Family Matters

Simple Fix: Family Dinners Help Teens Avoid Drinking and Using Drugs

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If you have reservations tonight for a romantic dinner for you and your spouse, go ahead and cancel them. It’s Family Day — A Day to Eat Dinner with Your Children, designated by all 50 states to highlight how parental engagement reduces children’s risk of drinking and drugging.

On the tenth anniversary of Family Day, newly released statistics from the National Center on Addiction and Substance Abuse (CASA) at Columbia University show that teens who have infrequent family dinners — less than three per week — are more than twice as likely as teens who eat with their families at least five times each week to say they expect to try drugs in the future. Those same teens are twice as likely to have used tobacco and alcohol and 1.5 times as likely to have used marijuana

The figures come from CASA’s annual teen survey, which this year interviewed 1,055 teenagers ages 12 to 17 and 456 parents of these teens via the Internet.

Everyone knows that experts — and many parents — think eating as a family is important. But this year, for the first time, researchers decided to ask teens whether it matters to them. Even though teens are reputed to want to hang out with their parents about as much they want to clean their rooms, 72% responded that eating dinner often with their parents is very or fairly important. However, only 60% of teens say they eat with their families at least five times a week. “Kids are actually looking for this daily ritual,” says Kathleen Ferrigno, CASA’s director of marketing and director of Family Day.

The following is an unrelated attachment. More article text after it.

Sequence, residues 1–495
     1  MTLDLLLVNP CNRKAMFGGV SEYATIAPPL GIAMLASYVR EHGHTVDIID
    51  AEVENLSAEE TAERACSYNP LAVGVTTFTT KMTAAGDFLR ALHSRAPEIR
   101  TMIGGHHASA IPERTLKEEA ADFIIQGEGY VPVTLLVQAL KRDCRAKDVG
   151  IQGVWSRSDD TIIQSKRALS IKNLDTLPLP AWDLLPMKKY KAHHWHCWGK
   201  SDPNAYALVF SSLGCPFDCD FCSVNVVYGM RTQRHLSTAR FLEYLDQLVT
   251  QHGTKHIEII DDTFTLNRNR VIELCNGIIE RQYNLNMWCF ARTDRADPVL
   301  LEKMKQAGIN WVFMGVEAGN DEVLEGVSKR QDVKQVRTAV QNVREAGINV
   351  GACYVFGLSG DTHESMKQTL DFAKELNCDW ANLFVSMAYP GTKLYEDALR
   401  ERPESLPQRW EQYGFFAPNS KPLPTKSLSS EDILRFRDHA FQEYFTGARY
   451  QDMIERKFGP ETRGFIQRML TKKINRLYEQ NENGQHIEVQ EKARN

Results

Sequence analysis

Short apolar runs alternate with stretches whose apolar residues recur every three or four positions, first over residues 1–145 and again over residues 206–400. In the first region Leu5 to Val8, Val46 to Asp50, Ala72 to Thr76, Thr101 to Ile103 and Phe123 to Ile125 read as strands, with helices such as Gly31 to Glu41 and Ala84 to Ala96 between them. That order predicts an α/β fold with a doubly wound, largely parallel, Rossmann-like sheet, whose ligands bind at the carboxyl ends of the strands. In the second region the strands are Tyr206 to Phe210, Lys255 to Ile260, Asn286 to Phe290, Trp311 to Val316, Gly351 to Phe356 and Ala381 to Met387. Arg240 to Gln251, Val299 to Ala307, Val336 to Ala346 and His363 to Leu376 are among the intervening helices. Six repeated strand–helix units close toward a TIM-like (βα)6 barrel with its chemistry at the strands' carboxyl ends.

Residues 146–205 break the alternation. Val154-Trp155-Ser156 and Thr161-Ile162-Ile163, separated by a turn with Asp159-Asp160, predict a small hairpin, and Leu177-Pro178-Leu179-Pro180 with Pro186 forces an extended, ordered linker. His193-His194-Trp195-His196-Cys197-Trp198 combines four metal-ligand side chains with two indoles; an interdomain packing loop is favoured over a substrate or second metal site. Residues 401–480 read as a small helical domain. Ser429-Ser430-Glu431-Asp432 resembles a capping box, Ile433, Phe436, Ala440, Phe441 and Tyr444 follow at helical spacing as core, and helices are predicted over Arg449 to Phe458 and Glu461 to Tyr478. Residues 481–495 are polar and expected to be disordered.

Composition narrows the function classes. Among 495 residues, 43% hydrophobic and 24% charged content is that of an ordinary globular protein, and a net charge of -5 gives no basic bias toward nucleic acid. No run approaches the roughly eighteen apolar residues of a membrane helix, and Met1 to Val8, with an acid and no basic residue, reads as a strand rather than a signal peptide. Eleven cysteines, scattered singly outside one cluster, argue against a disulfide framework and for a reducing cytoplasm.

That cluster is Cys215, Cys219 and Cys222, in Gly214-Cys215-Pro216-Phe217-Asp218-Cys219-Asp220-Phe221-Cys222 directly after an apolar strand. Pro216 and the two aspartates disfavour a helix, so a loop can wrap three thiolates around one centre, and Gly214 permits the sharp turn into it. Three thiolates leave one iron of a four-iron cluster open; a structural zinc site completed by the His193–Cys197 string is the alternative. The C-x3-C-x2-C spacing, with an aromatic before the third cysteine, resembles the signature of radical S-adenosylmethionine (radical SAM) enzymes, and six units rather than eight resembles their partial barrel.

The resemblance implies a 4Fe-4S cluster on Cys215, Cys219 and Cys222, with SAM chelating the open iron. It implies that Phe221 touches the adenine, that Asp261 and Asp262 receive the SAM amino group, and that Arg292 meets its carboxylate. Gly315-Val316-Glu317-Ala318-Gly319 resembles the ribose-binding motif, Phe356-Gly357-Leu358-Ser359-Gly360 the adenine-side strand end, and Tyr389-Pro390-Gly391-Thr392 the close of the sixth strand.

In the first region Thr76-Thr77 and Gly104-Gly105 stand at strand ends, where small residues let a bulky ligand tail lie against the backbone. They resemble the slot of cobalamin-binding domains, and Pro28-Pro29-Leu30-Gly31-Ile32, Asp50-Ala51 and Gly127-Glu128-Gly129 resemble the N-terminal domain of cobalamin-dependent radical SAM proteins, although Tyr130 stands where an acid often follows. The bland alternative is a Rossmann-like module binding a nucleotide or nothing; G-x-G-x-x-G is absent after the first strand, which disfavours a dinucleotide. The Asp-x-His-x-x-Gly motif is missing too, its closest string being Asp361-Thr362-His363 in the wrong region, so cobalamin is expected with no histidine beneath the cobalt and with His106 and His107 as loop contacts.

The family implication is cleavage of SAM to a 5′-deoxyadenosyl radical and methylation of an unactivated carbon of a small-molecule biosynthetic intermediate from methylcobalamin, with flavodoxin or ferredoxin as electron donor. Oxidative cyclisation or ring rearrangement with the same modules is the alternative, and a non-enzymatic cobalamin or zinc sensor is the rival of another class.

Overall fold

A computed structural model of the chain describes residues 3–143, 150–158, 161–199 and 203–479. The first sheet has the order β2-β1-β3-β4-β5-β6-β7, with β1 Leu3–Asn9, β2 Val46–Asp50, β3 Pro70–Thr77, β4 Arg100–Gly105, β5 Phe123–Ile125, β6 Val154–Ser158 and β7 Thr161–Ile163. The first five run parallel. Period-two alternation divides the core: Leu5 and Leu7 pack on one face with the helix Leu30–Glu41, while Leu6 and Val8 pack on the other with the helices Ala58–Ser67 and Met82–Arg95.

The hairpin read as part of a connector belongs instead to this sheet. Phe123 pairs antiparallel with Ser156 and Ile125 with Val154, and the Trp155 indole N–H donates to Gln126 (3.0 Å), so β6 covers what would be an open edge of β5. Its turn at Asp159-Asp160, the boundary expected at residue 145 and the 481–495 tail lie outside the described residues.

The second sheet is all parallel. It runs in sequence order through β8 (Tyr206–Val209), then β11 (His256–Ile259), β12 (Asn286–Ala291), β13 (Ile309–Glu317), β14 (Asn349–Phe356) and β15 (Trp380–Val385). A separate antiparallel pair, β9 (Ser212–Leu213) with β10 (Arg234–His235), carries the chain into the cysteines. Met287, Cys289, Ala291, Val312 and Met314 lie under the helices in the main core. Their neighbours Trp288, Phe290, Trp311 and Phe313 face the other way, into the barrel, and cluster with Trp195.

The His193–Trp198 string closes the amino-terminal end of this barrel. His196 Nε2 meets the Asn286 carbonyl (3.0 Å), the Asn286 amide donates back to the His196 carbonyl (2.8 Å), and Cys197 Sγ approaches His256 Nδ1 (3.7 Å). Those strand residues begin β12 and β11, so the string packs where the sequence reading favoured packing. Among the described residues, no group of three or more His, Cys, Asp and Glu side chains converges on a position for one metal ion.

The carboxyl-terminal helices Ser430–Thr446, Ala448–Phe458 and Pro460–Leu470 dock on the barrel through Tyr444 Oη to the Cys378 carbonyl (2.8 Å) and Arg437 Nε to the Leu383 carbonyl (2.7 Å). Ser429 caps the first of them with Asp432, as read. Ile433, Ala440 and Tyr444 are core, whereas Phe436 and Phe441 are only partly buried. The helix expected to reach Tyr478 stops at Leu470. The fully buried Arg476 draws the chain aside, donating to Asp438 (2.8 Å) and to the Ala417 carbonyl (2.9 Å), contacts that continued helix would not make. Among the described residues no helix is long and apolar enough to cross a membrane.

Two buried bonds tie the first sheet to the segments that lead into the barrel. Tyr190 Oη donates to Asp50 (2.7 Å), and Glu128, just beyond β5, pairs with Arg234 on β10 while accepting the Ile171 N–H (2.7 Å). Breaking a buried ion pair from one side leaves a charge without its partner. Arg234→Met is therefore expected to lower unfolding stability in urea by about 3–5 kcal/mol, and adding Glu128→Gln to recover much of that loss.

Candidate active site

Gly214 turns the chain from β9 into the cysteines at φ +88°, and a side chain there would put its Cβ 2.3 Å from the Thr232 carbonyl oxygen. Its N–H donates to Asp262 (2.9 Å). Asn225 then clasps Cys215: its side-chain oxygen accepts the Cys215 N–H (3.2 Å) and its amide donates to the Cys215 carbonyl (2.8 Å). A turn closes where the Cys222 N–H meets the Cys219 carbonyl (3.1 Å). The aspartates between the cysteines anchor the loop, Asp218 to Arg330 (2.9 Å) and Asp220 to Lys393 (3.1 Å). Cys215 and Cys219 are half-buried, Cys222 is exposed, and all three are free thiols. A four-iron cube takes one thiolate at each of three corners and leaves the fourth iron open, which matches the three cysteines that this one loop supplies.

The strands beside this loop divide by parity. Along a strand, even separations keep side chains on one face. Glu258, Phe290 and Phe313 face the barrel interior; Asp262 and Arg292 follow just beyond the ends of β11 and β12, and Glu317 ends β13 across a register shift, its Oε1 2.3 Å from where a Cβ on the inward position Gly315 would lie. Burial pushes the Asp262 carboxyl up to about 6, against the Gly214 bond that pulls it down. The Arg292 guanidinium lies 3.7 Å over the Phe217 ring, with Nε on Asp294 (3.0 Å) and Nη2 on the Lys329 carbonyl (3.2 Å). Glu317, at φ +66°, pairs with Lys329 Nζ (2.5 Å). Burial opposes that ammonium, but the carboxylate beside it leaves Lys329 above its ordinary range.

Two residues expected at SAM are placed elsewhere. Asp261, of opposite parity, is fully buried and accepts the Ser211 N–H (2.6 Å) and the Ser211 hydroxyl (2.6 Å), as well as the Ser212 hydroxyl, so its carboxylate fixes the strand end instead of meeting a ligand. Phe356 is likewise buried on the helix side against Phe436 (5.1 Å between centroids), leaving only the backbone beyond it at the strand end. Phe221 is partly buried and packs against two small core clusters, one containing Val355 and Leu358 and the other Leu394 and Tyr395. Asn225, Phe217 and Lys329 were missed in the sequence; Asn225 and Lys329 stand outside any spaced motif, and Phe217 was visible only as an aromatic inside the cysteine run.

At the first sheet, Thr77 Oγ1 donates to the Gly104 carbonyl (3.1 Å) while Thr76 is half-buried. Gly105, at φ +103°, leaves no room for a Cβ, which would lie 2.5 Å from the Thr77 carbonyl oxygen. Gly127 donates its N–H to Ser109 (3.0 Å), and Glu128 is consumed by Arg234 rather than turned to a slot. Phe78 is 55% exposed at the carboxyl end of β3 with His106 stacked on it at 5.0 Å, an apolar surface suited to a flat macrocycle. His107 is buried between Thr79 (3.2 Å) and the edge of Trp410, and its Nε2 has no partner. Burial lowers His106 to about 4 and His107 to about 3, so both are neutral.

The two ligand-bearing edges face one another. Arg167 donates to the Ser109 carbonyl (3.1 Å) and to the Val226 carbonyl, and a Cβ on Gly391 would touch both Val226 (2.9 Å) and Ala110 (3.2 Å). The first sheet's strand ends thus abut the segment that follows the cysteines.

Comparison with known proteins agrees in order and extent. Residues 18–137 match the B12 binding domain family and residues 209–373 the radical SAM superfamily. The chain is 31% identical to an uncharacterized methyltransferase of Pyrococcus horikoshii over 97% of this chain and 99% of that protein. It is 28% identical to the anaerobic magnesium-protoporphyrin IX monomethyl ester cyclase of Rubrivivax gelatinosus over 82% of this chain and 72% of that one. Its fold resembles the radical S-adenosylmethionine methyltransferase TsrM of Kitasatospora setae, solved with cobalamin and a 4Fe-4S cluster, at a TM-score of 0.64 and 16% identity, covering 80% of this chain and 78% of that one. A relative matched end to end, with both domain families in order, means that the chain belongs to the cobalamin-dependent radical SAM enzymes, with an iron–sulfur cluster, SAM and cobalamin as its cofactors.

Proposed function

Don’t get hung up on the dinner hour, however. More important than the actual meal is that parents spend time listening and talking to their children. “We understand sometimes both parents work and sometimes they can’t do it,” says Ferrigno. “It’s about parental engagement.” (More on Time.com: Why the TV Is Risky for Kids)

Other findings in the report:

*Teens who have fewer than three family dinners per week are twice as likely to be able to get their hands on marijuana or prescription drugs to get high in an hour or less. Teens eating five or more family dinners per week are more likely to say that they do not have any access to marijuana and prescription drugs. This same group is more likely to have friends who use illegal drugs like acid, ecstasy, cocaine, methamphetamine and heroin.

* Teens who eat as a family at least five times a week are less likely to report having friends who use drugs, smoke or drink alcohol. They are three times likelier to report an excellent relationship with their father, almost three times as likely to say they have an excellent relationship with their mother, and more than twice as likely to say that their parents are very good at listening to them.

*Among teen teetotalers, those who eat frequent dinners with their parents are more likely to credit them as the reason why they shun alcohol and drugs.

“We have long known that the more often children have dinner with their parents the less likely they are to smoke, drink or use drugs. We can now confirm another positive effect of family dinners — that the more often teens have dinner with their parents, the more likely they are to report talking to their parents about what’s going on in their lives,” says Joseph Califano, Jr., CASA founder and chairman and former U.S. Secretary of Health, Education and Welfare.

Oh, about those dinner reservations? Ferrigno’s got some advice vis-a-vis the kids. No need to cancel after all: “Just take them along!”

More on Time.com:

How Young Is Too Young to Care for Kids

Why Most Moms Don’t Follow Breastfeeding Recommendations

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